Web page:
Green eco taxes – is it just a matter of time?

During the recent election in the UK there was a lot of talk about the climate emergency, but not all together surprisingly little about green taxes.. It strikes us at GoReusable as inevitable that green taxes will have to be introduced in the next 1-3 years if the Government is serious about hitting their CO2 emissions targets, so we’ve put our heads together to try and predict some of the taxes that will start to come into play.

We should add that it is right that polluters should have to pay for their polluting. We believe this would be a fairly easy sell to the public on the whole and it’s about time these were introduced to reflect the true cost of the polluting to society. We don’t necessarily believe governments should introduce these to increase the overall tax burden on society, so introducing green taxes could mean lowering taxes in other areas, such as perhaps income tax.

Green eco taxes – is it just a matter of time

We also don’t expect the green eco taxes to be fully introduced in one go, but staggered in over a period of 5-10 years. For instance, the true environmental cost of a short haul flight may be £40 both ways. If the government introduced an initial green tax of £5 initially most flyers would easily be able to absorb these and introducing over time would give industries and consumers time adapt to these additional charges.

Here are some of the green taxes that we can expect to come into play:

– taxes on flights – this is an easy target and a heavy polluter and easy to tax. This should be done.

– taxes on energy consumption. Let’s take a look petrol green taxes – some energy companies such as Shell would argue they are offsetting their carbon emissions with the carbon credits they are generating from their sustainable energy. While this softens the argument for introducing green taxes, offsetting should be a last course of action and only used for the short term. In the longer, the next 5 years, if petrol companies have not hit certain carbon reduction targets then perhaps you need to start to introduce green taxes the consumer pays at the petrol pump.

– single use plastics – while there has been a lot of talk about reducing the amount of single use plastics in society and there have been some innovations to find alternative biodegradable versions, we still use a lot. This might be easier to target tax the manufactures of these plastics. When it comes to single-use coffee cups in coffee shops, while the take up of reusable cups has helped, introducing a 25p levy on single-use cups seems inevitable.

– Pastoral (meat producing) farmers – green taxes on meat would not go down well with farmers or the public. However, we know that eating more veg and less meat is good for the environment, so instead of adding green taxes to meat, why not have lower VAT/tax rate on veg and fruit to encourage more consumption of these? Eating more veg is better for your health as well.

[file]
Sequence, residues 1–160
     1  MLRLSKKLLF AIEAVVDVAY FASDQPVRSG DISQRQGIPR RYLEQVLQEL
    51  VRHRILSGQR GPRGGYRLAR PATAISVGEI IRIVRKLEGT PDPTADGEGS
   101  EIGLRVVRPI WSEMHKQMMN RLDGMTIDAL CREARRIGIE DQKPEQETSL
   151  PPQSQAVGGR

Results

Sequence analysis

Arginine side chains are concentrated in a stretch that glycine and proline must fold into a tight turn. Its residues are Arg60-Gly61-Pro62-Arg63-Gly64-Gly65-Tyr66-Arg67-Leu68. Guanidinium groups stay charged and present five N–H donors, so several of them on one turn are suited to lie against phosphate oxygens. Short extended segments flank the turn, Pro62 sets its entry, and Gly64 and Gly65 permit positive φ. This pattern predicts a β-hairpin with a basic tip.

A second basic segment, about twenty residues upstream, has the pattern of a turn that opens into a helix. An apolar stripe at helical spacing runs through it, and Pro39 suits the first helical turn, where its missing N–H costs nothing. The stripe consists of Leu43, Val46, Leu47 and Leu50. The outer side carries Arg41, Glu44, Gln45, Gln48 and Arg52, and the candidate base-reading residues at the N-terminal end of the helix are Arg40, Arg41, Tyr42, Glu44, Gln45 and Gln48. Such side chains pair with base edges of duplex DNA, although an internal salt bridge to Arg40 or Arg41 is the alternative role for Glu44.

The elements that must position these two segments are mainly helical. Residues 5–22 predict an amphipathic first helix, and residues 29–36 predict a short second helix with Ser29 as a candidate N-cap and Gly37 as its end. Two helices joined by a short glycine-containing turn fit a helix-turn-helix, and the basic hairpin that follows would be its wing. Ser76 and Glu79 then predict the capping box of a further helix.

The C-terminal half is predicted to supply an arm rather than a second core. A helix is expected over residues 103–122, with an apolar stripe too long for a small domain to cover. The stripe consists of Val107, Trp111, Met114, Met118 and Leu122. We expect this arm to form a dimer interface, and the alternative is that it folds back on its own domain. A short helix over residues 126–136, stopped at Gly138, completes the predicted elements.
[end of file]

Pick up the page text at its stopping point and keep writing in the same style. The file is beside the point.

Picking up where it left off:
– Fashion industry – over the past 10-20 years we’ve witnessed the growth in fast fashion. Clothes that are only really designed to be worn a few times and produced in China and are sold at crazily attractive prices in shops. The amount of pollution this has created is widely accepted as huge. Should there be some form of eco tax on these fast fashion items? Surely adding 10% tax( to the consumer) for fast fashion items (mostly made with cheap man-made fibres) is a no brainer.

– taxes on property development – for example, building a new house creates a lot of carbon and the environmental return can easily be 50-80 years. The creation of cement alone is one of the biggest polluters in the world. There probably should be a one off green tax the property owner would have to pay depending on the energy efficiency of the property and the size of the build/home. Some London Boroughs, such as Kensington & Chelsea already charge developers for the carbon produced for building works and infact expect them to offset locally in the borough at £1,800 per carbon tonne (that is expensive!).

Interestingly, industries may complain that introducing green taxes will make UK companies uncompetitive. This probably is a fair argument and would suggest that it will be better to add green taxes to the end consumer, in the form of VAT. That way only goods consumed in the UK would be affected and not those sold abroad.

While we are not tax experts we do clearly believe, regardless of how unthinkable this would be 30 years ago (like the successful sugar tax introduced recently) the timing is now right to start introducing green taxes, and we hope this article stimulates this debate. Moreover this should be an easy sell for the Government and an opportunity they should seize with both hands. It’s in fact unusual for any tax to be welcomed, but green taxes given the climate emergency would be universally agreed by all parties. It would be hard for any party to argue against them?

We’d be interested to know what you think should be done.